Recent events have made it clear that Israel is addicted to U.S. military aid. For example, according to a Wall Street Journal report, a preemptive Israeli strike on Hezbollah set for Oct. 11 was canceled after U.S. President Joe Biden told Israeli Prime Minister Benjamin Netanyahu to stand down.
Netanyahu dismissed the report, but members of his own Likud Party are increasingly speaking out against what appears to be the outsourcing of Israel’s security to wider U.S. geopolitical interests. Economy Minister Nir Barkat stated at a recent cabinet meeting, “The number of air force bombardments has fallen dramatically. Soldiers are being sent to booby-trapped buildings like [sitting] ducks.”
Netanyahu’s reaction was revealing: “There are countries we have to take into account. If we don’t do that, eventually there’ll be a U.N. decision to impose a blockade on us. The whole world will be against us.”
It is true that the U.S. rapidly supplied Israel with over 3,000 tons of weapons and munitions after the Oct. 7 massacre, but it came with strings attached. As a result, instead of destroying Hamas, Israel’s strategy is to fight a limited war until Washington, Doha, Cairo and Hamas iron out a final ceasefire agreement that will end the latest round of violence and prevent it from spreading across the region.
Washington’s pressure likely stems from its belief that Israel’s military response to Hamas’s atrocities is an obstacle to a two-state solution. Netanyahu has insisted that Israel will permit neither Hamas nor the Palestinian Authority to rule Gaza, but the Biden administration still promotes the P.A. as a viable alternative to Hamas rule; even though, since the October 7 massacre, Hamas’s popularity among Palestinians ruled by the P.A. has skyrocketed.
The growing rift between the administration and the Israeli government highlights the ramifications of Israel’s dependence on U.S. aid.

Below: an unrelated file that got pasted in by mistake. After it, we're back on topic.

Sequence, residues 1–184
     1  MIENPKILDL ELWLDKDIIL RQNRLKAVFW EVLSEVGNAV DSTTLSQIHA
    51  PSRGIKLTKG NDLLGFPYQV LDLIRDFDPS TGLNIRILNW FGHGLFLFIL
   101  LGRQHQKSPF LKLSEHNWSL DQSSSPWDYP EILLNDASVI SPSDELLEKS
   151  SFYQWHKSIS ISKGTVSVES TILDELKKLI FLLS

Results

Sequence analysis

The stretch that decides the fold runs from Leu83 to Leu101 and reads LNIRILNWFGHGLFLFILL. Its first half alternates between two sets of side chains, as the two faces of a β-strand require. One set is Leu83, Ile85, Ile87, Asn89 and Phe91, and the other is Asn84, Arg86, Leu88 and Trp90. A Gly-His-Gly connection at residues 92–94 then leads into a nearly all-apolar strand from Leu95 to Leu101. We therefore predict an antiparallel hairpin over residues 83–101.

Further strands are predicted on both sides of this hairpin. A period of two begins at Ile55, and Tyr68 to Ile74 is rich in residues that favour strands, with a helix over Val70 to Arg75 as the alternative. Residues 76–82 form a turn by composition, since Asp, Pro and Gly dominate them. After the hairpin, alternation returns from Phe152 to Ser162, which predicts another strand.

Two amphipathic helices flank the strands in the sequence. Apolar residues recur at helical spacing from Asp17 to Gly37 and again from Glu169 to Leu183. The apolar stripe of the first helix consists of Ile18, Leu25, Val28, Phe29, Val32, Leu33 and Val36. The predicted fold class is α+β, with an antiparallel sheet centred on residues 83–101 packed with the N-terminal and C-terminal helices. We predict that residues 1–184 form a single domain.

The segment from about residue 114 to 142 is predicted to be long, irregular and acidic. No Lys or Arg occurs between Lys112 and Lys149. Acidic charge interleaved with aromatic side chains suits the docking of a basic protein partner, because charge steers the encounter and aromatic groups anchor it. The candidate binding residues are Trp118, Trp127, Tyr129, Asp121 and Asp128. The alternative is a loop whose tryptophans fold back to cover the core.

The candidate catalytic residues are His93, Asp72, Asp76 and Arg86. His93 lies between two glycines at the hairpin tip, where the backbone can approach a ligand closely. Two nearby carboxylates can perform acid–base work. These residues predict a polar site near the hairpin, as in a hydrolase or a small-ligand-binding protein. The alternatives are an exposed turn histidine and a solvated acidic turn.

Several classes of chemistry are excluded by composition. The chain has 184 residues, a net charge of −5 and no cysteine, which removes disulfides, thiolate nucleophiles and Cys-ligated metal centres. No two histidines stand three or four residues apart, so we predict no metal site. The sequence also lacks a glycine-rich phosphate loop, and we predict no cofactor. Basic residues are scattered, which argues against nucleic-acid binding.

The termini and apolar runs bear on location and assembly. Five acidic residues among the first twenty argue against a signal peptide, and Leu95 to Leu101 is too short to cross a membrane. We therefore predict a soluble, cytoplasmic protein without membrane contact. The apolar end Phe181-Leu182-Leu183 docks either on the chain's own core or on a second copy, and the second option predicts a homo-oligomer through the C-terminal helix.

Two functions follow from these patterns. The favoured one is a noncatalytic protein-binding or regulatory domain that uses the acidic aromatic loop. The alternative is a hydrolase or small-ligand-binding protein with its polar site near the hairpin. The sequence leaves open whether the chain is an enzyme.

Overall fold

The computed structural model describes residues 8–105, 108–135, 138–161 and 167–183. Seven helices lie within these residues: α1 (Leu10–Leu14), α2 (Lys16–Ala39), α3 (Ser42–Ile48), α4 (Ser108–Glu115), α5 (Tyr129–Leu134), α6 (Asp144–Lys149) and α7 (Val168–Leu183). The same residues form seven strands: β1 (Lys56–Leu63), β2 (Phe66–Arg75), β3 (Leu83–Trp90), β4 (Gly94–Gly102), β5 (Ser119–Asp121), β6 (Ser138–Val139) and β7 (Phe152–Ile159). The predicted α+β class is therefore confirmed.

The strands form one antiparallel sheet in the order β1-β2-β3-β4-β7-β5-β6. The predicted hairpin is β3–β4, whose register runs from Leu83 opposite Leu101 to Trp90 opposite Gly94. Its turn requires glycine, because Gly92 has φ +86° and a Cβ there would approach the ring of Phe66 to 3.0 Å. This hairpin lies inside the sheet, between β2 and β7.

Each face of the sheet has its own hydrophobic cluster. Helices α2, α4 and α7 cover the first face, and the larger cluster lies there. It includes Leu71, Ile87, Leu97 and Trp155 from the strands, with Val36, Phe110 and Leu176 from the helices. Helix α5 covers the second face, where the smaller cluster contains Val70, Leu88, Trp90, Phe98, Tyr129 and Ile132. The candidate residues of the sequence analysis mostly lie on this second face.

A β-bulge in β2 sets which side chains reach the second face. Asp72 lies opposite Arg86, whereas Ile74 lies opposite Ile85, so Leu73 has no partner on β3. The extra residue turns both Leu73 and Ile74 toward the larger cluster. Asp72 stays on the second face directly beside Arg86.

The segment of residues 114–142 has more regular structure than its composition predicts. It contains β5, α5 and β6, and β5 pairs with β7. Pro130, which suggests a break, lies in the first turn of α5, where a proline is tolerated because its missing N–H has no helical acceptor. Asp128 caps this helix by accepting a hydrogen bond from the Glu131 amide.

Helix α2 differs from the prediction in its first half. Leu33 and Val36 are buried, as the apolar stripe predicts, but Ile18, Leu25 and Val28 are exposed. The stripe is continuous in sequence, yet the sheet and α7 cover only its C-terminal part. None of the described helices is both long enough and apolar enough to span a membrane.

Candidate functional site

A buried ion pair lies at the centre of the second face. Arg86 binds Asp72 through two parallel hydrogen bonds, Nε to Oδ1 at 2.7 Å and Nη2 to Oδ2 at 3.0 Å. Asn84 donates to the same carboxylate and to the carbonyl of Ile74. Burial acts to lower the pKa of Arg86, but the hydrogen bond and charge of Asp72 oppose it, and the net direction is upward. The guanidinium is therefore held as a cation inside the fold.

History proves the detrimental effects of this dependence. The Israel Defense Forces once put a premium on preemptive action, largely because of the limited resources at its disposal. The IDF’s lightning-fast, lean and mean approach proved triumphant in the 1967 Six-Day War. In the aftermath, Israel began to receive substantial U.S. aid for the first time.
But this generosity came with a steep price tag. As a result of it, Israel has all but scuttled its doctrine of preemption. At U.S. behest, Israel is now expected to absorb a first strike.
This led directly to the disasters of the opening days of the 1973 Yom Kippur War, yet Israel’s dependence only deepened. In an echo of the mistakes of 1973, Israel downplayed or simply ignored repeated warnings that Hamas was planning the Oct. 7 massacre.
Yes, U.S. aid has made it possible for Israel to remain on a perpetual war footing. But it has also removed any incentive for Israel’s domestic defense industry to become more efficient and productive. As a result, the IDF has shrunk to a dangerous extent.
For example, Maj. Gen. Eyal Zamir, a former deputy IDF chief of staff, stated in 2021: “The IDF is on the verge of [not having] the minimum size needed to face more complex threats than those we have experienced in recent years. Along with advanced technological capabilities, Israel also needs a critical mass of people to improve the IDF’s overall quality and quantity.”
In its latest war, Israel’s codependent relationship with the U.S. has reached a new low. When Israel began to plan a massive ground operation in Gaza, American generals were dispatched to sit in on high-level meetings at IDF headquarters. The reason for their involvement was reportedly the Biden administration’s concerns about a “lack of achievable military objectives.”
Shifting to a first-strike strategy with clear goals and timetables that does not require U.S. approval and financing would greatly improve Israel’s security situation. It would force Israel to ramp up its domestic defense industry and streamline its defense budget, allowing funds to be diverted to pressing domestic issues.
Moreover, a swift and decisive Israeli victory would mean shorter wars with fewer casualties on both sides. This might also hasten a just and comprehensive resolution to the conflict with the Palestinians. In addition, a less dependent Israel would be able to independently develop its regional ties with Sunni Arab countries to counter Islamic extremism and Iranian terrorism.
This would also benefit the U.S., allowing it to shrink its military footprint in the Middle East and pivot towards other pressing matters like Ukraine and Taiwan.
Israel will only recover its once-vaunted deterrence capability if it recovers from its decades-long addiction to American military aid. Otherwise, the task of keeping its citizens safe and maintaining its sovereignty will remain dependent on the next fix of aid.